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Pimp your pistols Improve your range in the bottom of your pistol squat with this simple drill. By working into and out of end range in all three planes of motion and developing skill there we can teach the body to be much more comfortable in the standard pistol position. Great as a warm up for your pistols or a long term strategy to improve your mobility. Try 5 in both directions of the 3 planes of motion. Progress with a lower box and by reaching further. Key cues: planted foot stays flat and put as much weight as possible through it and not the reaching foot. #pistolpistol #pistolsquat #pistol #squat #mobility #mobilitywod #romwod #triplanar #crossfitmobility #crossfituk #crossfit #hipsdontlie #deepsquat #squatitlikeitshot #glutes #quads #fitness #fitfam #fitspo #fmh #functional #movement #hacks
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Want to deepen your #squat? Build this drill into your warm-up. Drop into the bottom of your squat as close to a wall as possible. Use a marker either side of you to reach for, accurately. Push them out to a challenging distance WITHOUT lifting your heels. Perform 10 touches each side. By developing skill in the frontal plane and encouraging abduction and adduction at the hips in the bottom position, we teach the body to accept new range of motion and get ourselves a deeper squat. Progress the drill with wider markers or by getting closer to the wall. #filtertohidethesweat #functional #movement #hacks #fmh #crossfit #flexibility #rangeofmotion #squatdeep #tighthips #hipsdontlie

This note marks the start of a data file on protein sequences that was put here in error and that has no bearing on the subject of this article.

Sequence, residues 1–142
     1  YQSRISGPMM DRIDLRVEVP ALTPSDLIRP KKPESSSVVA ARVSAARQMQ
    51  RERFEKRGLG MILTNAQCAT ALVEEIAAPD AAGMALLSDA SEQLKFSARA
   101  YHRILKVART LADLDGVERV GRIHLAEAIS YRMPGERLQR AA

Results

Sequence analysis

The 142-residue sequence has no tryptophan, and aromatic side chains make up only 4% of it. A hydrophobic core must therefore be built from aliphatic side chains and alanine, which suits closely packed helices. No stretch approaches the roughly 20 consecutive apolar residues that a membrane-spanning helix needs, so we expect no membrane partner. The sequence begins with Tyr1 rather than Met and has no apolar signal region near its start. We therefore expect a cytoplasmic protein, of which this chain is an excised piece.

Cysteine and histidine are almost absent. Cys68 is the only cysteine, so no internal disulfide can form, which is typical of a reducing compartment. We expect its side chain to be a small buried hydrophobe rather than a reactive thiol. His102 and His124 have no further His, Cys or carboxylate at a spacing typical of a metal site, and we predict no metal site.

3. SQUAT FROM THE BOTTOM UP
When learning to stand up, usually as a child, we do our first squats from the ground up. This is distinct from standing to squatting to standing as we do as adult crossfitters. The benefit of this is that we can find a better bottom position as we’re not loading our muscles in our old motor pattern as we descend. This means that when we stand back up, we have a chance to experience how a ‘better’ squat feels, and teach our nervous system how to control it.
How can we do this in practice? Either a) start on all fours then bring up one leg at a time to get into the bottom of a squat, just like a child learning to stand. Or b) use a prop to descend in a better position – a goblet squat as counterbalance, an upright/high band to pull forward and take weight out of the legs.